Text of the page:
Comfortable Quarters for Chickens

Second Part

A dustbath is used for care and cleaning of plumage and enhances the well-being of chickens. They prefer to dustbathe in groups. If the dustbath is provided outside, it should be roofed and should give protection from drafts. Quartz sand with charcoal and flowers of sulphur added is recommended as a dustbathing substrate.

Nesting behavior of hens includes nest investigation, scratching and pecking at the nest material, choosing a particular nest and entering it, forming a hollow, laying an egg, rolling an egg under the body, and brooding.

Hens prefer to lay their eggs at sheltered places where manipulatable materials are available. During the pre-laying phase, the hen leaves the flock and looks for an adequate nesting place. She investigates different places or nest boxes before deciding where to lay her eggs. A hollow is formed at the chosen nesting place. After 10 to 30 minutes, the hen gets up and lays an egg which she rolls under her body. She stays in the nest for a short period of time before joining the group again.

Appropriate housing for chickens must take the animals’ species-specific behaviors into account. A room may be readily transformed to suitable housing for chickens by placing a wire-mesh covered dropping pit on one side of the room and installing perches along the wall at different heights over the pit. The horizontal distance between two perches should be at least 35 cm (13.8 in.). The total perch-length is determined by the number of chickens and should be no less than 18 cm (7.1 in.) per animal.

Chickens naturally live in a stable social group. This photo shows a hen with almost-adult chicks and a cock.

A scratching are is an imperative to allow chickens to exhibit species-typical foraging behavior. A thin layer of sand covered by approximately 10 cm (3.9in.) of chopped straw provides a suitable substratum for this purpose. The scratching area should take up at least half of the floor area of the hen house.

Hens need adequate nest boxes, preferably with manipulatable material, like oat husks or chopped straws. One nest box should be provided for each 5 hens. Its dimension should be approximately 40x40cm (16x16 in.). If larger family nests are used, a nesting area of 1 m² (10.8 sq. ft.) per 50 hens is recommended.

Group size should not exceeded 80 animals, as chickens are only able to distinguish between 40 to 80 members of their own species. Stocking density should not exceed 5 birds per square meter (10.8 sq.ft.) of available surface area to avoid stress from overcrowding.

A variety of food should be offered to the chickens. If only meals or pellets are fed, the animals consume their ration too fast and do not spend enough time foraging. Bad habits such as feather pecking can easily develop under such conditions. To prevent this, grain should be provided in racks or in baskets hanging from the ceiling, so that the animals can pull and peck at the contents and keep busy.

  • 1. Water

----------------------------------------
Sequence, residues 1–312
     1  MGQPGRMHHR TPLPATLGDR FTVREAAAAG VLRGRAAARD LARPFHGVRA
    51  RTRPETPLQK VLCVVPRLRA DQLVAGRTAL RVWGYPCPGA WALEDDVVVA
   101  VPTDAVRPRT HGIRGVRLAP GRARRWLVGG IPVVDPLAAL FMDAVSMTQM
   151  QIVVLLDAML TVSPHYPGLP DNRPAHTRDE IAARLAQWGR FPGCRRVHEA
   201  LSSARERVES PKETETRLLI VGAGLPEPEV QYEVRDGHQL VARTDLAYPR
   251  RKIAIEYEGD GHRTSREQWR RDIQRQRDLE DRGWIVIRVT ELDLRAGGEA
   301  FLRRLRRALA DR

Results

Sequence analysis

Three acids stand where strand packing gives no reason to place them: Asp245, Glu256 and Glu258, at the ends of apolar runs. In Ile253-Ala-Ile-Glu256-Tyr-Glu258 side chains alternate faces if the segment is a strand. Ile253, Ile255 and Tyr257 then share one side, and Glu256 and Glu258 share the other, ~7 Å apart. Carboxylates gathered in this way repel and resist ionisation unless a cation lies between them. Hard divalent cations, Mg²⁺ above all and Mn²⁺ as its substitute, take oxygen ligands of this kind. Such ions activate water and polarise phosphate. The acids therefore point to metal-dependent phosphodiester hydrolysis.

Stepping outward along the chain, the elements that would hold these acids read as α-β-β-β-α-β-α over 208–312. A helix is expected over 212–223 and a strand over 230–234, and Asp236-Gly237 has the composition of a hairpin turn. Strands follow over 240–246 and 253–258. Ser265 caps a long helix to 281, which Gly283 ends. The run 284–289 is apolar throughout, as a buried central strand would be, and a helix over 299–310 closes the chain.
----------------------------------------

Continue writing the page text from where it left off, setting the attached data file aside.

2. Used air
    3. Fresh air
    4. Family nest
  • 5. Food trough
    6. Nipple drinker
    7. Litter
    8. Perches
    9. Dropping pit
  • 10. Drainage
    11. Drainpipe
    12. Covered run with basket for greenstuff and extra space gained through use of third dimension

Chickens should have access to a box filled with sand so that they can take dustbaths. Dustbathing is a social activity which is usually performed by several chickens at the same time. The sand box should therefore be relatively spacious, i.e., 80x80 cm (31x31 in.).

A bad-weather run should be provided so that the chickens have exposure to natural daylight and seasonal temperature variations throughout the year. The run should have a roof so that chickens can have access to it even in bad weather, and wire-mesh walls so that the animals are protected from predators. It should be about half the size of the hen house and have a concrete floor covered with a layer of straw and sand.

1. Hen house
2. Gravel or wooden slats
3 & 4. Rotational runs
5. Electric fence
6. Dustbathing places

Gravel or wooden slats in front of the hen house.
Whenever possible, chickens should be able to use an outside run covered with vegetation. To keep the turf intact, the outside run has to be divided and to be used alternately, otherwise the much-designed green is soon destroyed through pecking and scratching (3 & 4). The area can be divided with an electric fence (5). Ideally, the windward side is sheltered by hedges and structured with trees and bushes that give shade. Low bushes make it possible to put up netting to prevent birds of prey from catching chickens. If the pasture is not evenly used the old grass has to be cut down; it is therefore advisable when planting trees and bushes to make sure that the outside run can be maintained with machines (if big enough). In front of the hen house should be a layer of gravel or wooden slats, with drainage underneath, to assure that at the surface stays dry at this highly-frequented place. Dustbaths near bushes complete the outside run.